Life expectancy in Sweden is likely to decrease due to the corona pandemic in 2020, the Swedish statistics agency said on Wednesday.
The decline predicted by the agency would mark the largest year-on-year decline since 1944, said Örjan Hemström, demographer at Statistics Sweden.
The life expectancy of women will therefore decrease from 84.7 to 84.4 years. For men, a decline from 81.3 to 80.8 years is expected – which roughly compensates for the sharp increase in life expectancy in 2019.
“We see no evidence of immunity in the population”
Sweden has taken a more relaxed approach to the pandemic and decided not to enforce a national lockdown. Instead, the focus was more on the individual responsibility of the citizens.
But the country is now in the middle of a second wave with the steep rise in Covid 19 cases and has now turned around: It was wrong to expect that its own policy would prevent a further increase. On Tuesday, the country’s leading epidemiologist, Anders Tegnell, said, “We are not seeing any evidence of immunity in the population that is slowing the infection right now,” said Bloomberg.
The Swedish Statistics Agency said that life expectancy “rose steadily” between 1900 and 2019. “The fact that it is now falling is striking.” His calculations were based on the death rate in the Scandinavian country between January and August. During that period, the country recorded nearly 6,500 more deaths than at the same time in 2019, an increase of around ten percent.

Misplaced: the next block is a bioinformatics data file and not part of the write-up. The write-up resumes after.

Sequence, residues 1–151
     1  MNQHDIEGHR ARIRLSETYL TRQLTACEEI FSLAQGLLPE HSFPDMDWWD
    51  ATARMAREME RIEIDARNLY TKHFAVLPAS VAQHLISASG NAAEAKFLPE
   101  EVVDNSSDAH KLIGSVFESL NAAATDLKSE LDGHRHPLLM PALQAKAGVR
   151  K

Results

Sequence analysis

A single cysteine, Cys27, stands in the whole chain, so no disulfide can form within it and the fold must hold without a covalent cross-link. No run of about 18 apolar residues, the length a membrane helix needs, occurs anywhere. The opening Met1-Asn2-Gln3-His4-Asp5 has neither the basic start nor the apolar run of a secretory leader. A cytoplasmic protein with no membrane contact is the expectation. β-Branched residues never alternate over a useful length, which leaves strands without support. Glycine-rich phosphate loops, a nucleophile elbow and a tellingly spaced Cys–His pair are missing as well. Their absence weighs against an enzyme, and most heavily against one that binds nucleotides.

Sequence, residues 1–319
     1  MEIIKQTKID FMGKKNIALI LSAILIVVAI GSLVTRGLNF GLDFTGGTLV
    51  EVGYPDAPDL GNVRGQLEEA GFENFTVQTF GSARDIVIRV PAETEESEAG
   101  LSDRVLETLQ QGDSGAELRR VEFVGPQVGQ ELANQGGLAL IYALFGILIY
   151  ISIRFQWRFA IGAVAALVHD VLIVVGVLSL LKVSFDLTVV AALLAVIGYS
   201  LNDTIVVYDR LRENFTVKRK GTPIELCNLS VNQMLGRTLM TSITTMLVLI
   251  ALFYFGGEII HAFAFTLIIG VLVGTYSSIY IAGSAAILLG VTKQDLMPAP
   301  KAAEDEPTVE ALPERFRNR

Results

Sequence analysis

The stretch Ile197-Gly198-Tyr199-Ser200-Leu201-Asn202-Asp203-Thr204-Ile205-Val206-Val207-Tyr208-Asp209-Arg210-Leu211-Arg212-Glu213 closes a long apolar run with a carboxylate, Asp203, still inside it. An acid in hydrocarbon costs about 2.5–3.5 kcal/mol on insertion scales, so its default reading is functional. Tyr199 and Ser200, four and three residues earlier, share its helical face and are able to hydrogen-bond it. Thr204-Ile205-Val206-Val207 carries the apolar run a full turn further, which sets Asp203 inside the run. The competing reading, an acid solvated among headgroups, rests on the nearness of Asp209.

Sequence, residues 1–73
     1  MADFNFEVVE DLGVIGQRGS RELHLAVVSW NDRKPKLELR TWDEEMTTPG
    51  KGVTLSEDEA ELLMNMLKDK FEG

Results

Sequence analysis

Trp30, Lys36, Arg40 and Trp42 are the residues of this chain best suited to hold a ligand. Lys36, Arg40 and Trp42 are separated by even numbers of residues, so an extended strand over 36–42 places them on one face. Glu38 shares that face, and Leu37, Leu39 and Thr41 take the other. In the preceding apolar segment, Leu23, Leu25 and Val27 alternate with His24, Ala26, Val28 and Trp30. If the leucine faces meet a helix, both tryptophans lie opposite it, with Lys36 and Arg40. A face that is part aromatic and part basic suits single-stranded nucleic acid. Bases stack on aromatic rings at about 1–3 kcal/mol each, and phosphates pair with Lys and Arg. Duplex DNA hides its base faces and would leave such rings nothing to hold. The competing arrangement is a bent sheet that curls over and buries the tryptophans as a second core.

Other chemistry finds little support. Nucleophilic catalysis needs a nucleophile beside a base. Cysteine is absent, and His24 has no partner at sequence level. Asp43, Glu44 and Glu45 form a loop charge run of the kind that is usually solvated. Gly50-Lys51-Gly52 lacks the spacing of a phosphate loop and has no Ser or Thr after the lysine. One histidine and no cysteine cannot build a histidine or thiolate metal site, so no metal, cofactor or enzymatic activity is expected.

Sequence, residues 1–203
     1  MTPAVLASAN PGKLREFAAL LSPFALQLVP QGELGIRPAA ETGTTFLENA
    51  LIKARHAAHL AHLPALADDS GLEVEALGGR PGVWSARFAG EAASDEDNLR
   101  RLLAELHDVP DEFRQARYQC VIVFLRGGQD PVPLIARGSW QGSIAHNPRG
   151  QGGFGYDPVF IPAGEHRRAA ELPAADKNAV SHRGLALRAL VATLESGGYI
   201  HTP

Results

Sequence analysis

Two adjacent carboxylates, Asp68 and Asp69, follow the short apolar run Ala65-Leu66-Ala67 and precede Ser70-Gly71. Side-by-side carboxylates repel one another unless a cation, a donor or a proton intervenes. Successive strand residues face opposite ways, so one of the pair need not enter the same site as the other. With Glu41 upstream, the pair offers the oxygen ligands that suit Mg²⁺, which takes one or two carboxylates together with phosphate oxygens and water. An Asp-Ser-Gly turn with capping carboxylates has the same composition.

Life expectancy could fall even more than predicted, warned the Swedish Statistics Office. That’s because the death rate between September and December was predicted based on the number of deaths in the corresponding months of 2019.
Sweden is moving away from the special route
This year, due to Covid-19, the death rate is expected to be significantly higher in these months.
Life expectancy will decrease to varying degrees in the different districts, said the agency – and in some areas it can even be expected that people will live longer. The steepest decrease in life expectancy of 1.2 years is expected for the Stockholm district, where the country’s capital of the same name is located, according to the data from Statistics Sweden.
On November 16, Prime Minister Stefan Lofven announced stricter coronavirus measures, including limiting public gatherings to eight people.
However, he reiterated that the Swedish government “does not believe in total lockdown as the means of choice”. Sweden has twice as many inhabitants as neighboring Norway, but according to the World Health Organization (WHO) it has about 20 times more deaths related to Covid-19.
According to the WHO, the United Kingdom has the highest number of related deaths in Europe as of November 25, with just over 55,000 deaths.
This article first appeared here and has been translated from English.